A proposed city ordinance that requires landlords, residential property owners and tenants to register names and addresses at the city Codes Department may face some heat as it goes before City Council's various committees.
"Guarantees can't be made whether the information given to the city is subject to the state right-to-know or open records laws," said Jason Weimann, an attorney working on the draft ordinance. "We're doing our due diligence to protect that information."
A copy of the pending legislation shows responsibilities are on owners of rental properties and landlords to disclose their addresses, telephone numbers and emergency contacts, such as those for a designated property manager, in case a property owner lives in another state.
A condemned property at 744 Park Ave. is pictured on Friday afternoon.
Should there be no manager one must be designated and must live within a reasonable distance. In the draft, the distance is listed at 5 miles from the city - which is subject to change, according to city Police Capt. Timothy Miller, who also is working on the proposed ordinance.
The proposed ordinance also requires the
address and the number of rental units and the name and address of tenants, including the number of occupants per rental unit.
Such information is key for firefighters scrambling to battle a blaze in the early-morning hours at a rental property and not knowing who is accounted for, according to city Bureau of Fire Chief C. Dean Heinbach.
Rental properties account for about 70 percent of all the code violations the codes enforcement officers have responded to in the city each year, according to Joseph Gerardi, city codes administrator.
"We're asking landlords and tenants to help us by being the first line of defense against crime and code violations," Miller said.
"This ordinance will pose no threat to responsible landlords and honest tenants."
Tenants, too, face requirements under the proposed legislation.
Within 45 days (a time that may be adjusted) the tenant must register with codes by providing two forms of identification. The forms of identification may be a photo driver's license or state-issued identification card. If no photograph is available, the tenant can present a passport, certificate of citizenship or naturalization to meet the photograph requirement.
In absence of either form of identification, the tenant may present a state-issued birth certificate, military identification card, Social Security card, utility bill showing present address, with the exception of a cellular phone bill; or a voter registration card, a school identification with picture, employer identification card, or a pay stub with a name and address.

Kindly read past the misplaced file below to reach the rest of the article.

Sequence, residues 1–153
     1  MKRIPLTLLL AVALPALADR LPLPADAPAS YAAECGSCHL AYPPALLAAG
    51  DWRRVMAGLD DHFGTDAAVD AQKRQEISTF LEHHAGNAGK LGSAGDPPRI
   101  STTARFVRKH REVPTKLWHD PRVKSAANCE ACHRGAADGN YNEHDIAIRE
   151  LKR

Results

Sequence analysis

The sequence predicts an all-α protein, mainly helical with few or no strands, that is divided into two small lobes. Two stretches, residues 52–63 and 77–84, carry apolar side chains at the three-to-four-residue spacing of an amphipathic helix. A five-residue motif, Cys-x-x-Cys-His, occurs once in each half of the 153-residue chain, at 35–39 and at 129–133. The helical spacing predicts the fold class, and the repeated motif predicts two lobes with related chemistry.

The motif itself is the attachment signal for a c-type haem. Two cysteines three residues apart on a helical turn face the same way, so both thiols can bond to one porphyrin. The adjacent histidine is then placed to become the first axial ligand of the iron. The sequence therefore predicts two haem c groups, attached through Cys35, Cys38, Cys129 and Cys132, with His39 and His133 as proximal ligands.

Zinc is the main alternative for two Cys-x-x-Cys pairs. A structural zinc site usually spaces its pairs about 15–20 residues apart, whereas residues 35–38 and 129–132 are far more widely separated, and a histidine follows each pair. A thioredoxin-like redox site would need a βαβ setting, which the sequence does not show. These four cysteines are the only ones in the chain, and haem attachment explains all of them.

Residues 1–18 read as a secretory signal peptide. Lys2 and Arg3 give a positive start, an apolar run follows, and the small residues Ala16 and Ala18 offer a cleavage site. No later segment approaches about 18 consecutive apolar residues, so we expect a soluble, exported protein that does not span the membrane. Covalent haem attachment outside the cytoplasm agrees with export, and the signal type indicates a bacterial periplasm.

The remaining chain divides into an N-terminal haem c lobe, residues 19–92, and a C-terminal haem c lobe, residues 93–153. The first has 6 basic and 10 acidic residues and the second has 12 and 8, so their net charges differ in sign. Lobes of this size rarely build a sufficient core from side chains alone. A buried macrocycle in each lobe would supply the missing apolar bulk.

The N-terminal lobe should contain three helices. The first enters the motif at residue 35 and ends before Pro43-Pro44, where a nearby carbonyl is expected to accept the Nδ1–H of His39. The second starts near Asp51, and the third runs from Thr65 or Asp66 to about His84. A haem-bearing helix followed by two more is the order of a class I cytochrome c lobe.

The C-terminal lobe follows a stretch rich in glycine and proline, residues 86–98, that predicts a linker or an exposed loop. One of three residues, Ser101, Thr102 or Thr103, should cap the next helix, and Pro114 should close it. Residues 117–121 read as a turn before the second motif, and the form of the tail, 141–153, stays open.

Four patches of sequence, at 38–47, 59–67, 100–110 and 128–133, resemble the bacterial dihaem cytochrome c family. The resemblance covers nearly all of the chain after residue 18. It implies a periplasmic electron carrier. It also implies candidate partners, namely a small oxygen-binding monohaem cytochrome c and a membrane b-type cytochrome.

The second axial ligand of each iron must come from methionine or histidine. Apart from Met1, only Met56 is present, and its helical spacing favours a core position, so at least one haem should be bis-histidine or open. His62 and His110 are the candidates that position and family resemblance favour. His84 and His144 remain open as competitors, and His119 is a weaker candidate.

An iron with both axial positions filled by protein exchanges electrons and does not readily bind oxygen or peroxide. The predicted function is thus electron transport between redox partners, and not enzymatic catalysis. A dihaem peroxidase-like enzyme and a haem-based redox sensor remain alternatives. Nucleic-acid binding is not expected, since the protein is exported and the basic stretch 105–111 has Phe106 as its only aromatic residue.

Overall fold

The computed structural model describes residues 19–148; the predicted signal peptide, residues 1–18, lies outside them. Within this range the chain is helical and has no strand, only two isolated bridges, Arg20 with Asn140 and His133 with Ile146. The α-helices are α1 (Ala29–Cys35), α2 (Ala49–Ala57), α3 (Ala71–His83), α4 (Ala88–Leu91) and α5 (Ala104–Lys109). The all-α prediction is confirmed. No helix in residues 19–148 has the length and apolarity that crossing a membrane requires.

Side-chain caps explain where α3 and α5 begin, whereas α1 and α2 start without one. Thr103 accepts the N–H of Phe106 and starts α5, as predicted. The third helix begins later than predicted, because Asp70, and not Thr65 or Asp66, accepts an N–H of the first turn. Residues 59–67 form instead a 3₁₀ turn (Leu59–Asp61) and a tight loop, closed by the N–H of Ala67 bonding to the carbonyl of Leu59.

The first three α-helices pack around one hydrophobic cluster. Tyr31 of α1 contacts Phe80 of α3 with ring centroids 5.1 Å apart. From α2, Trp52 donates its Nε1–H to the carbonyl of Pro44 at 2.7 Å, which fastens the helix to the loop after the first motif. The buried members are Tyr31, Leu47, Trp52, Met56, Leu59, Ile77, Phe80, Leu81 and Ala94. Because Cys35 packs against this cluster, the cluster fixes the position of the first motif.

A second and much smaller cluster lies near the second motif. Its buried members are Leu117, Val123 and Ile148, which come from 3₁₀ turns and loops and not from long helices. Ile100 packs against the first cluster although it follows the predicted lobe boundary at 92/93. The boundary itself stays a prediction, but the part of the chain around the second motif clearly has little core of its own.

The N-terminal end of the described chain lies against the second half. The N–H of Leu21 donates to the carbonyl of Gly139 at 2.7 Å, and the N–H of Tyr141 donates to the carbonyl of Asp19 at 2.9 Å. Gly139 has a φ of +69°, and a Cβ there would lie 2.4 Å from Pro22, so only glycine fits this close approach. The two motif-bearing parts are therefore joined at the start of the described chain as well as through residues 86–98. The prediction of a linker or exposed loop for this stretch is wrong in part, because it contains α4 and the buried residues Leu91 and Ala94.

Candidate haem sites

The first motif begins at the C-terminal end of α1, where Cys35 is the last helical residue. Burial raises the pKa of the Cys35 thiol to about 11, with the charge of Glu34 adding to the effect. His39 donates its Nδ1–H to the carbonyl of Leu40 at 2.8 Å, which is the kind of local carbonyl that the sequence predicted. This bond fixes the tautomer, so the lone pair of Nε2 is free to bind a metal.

"The city won't maintain a record of the Social Security number, driver's license or photograph identification number, date of birth, passport number or any similar information," Miller said. "It is information that will be reviewed solely to verify identity."
For owners and landlords, upon notification that a tenant or occupant has violated what's described as "peacefully enjoyment" of neighbors or is disruptive, the property owner/landlord is required to submit a corrective action report and give it to the codes office stating what actions were taken to remedy the situation.
Tenants, meanwhile, can't break the law or disrupt the peace and must be responsible for the conduct of anyone at their place, including guests or a pet on the premises, with their permission. They also must comply with the rental agreement, a copy of which will be given to them by the landlord.
The proposed ordinance has penalties for non-compliance.
Any violation of the ordinance by a landlord or property owner is a summary offense and may be punishable by a fine not to exceed $600 plus cost of prosecution or a term of imprisonment not to exceed 30 days.
Upon receiving notice from codes official of a third conviction of a tenant for violations of their duties, the owner must begin eviction proceedings, according to the legislation, and failure would result in a $1,000 fine, upon conviction.
Tenants' penalties include a fine of not more than $100 for the first offense, a fine of not more than $300 for the second offense, a fine of not more than $500 - upon conviction - for the third offense. After three strikes, the owner must begin the eviction process.
In response, Council President Bill Hall said he doesn't fault the administration or police for trying to improve neighborhoods and welcomes reviewing the proposed ordinance once it's ready to see at the committee level.
The legislation won't go forward until it is thoroughly reviewed by the solicitor, said Councilman N. Clifford "Skip" Smith, chairman of the city Public Safety Committee.
Smith recently said drug-related crime is returning with a vengeance and much of it is related to city officials not knowing who lives here.
"Our legislation does not require landlords to absolutely prevent bad behavior, however, it requires that they take reasonable steps to attempt to prevent it," Miller said. "It's not meant to ask landlords or tenants to become junior narcotics agents. We're merely emphasizing their responsibility to work with police and neighbors to keep drugs and other illegal activities out of rental properties."
"The danger of not moving forward is waiting for enough evidence to make a criminal arrest often results in a solution that arrives too late to preserve community livability," Miller said.